In Depth: Smart phones emerge as the next-generation PDA

The array of new digital communications products set to hit the market is staggering. Pick any computer hardware product and any telephone device, combine them, and you have a product strategy for the late '90s -- at least, that's what some vendors seem to think.

The new breed of product that arises from this strategy has been dubbed the smart phone, or the personal communications device, and is designed to combine the features of mobile telephony, palmtop computing and Internet access. Smart phones differ from the current crop of personal digital assistants (PDAs) by offering wireless telephone communications.

Nokia Communications of Finland is leading the march on the market with its 9000 Communicator, a mobile telephone with e-mail, voice, and World Wide Web browsing capabilities that's due in August.

Hot on the heals of Nokia are companies such as Sony of Japan, Sweden's Ericcson, and Motorola, which also plan to have smart phones on the market by the end of the year.

Motorola's product, called the Multiple Application Phone (MAP), will be designed to let users send and receive faxes and email and have access to the Internet.

Meanwhile, Philips is planning a mobile screen phone, while the U.K.'s Acorn Computer is developing NewsPad, a roving version of the network computer paradigm that has been the talk of the industry for the past half-year.

The form of this new breed of product depends on whether the vendor comes from the telecom industry, in which case it will look like a mobile phone, or from the computer industry, in which case it will resemble current PDAs.

The question of form is on the minds of potential users. "Should we take a US$10 mobile telephone and add a US$300 palmtop computer?" says Mike Dennehy, marketing director at Citibank in London. "Or should we take palmtop computer and connect it to a mobile telephone?"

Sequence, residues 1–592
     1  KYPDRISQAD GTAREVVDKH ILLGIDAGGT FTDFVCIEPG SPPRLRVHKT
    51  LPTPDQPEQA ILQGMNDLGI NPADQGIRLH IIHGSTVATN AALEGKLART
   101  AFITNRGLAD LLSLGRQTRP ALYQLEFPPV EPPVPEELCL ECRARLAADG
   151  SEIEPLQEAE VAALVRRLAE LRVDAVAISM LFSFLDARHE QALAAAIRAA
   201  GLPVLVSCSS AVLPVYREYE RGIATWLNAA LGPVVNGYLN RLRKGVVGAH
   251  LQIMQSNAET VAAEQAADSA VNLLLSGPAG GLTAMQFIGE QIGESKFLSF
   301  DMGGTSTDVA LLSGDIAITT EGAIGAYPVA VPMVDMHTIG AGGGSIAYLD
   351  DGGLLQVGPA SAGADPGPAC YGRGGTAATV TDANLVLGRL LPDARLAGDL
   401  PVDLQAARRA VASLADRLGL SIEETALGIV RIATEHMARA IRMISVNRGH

Compaq chief executive and president Eckhard Pfeiffer believes in the latter route and has revived his company's canceled PDA project. Pfeiffer is adamant that the next-generation PDA needs to be "a product that will allow you to access your desktop PC and company network while you are on the road," he says.

Michael Dell, chairman and chief executive of Dell Computer, agrees. "How do you access the same data that is on your corporate network?" he asks. "If you can't get it, it's an island."

Dell argues for adding a telephone with GSM (Global System for Mobile Communications) capabilities to a laptop computer.

In spite of some intriguing entries, the PDA arena has yet to generate much excitement. Over the past couple of years, only Sharp of Japan, Hewlett-Packard and the tiny British company Psion have had any success, according to analysts. Psion, for example, has sold about 1 million PDAs.

Apple, meanwhile, is still trying to entice customers to its Newton, a public relations nightmare that has been hampered by poor handwriting recognition and the inability to transfer data between PDAs and PCs.

Smart phones may not fare any better than most PDAs. Industry insiders say it's safe to assume the general public will not be breaking down the doors of consumer electronics stores to buy US$1500 mobile telephone organisers and that the early adopters will be corporate customers. But to succeed in this market, vendors will have to offer a product that will enable users to pick up email, access their corporate network, and carry out a limited amount of transaction processing at an affordable price.

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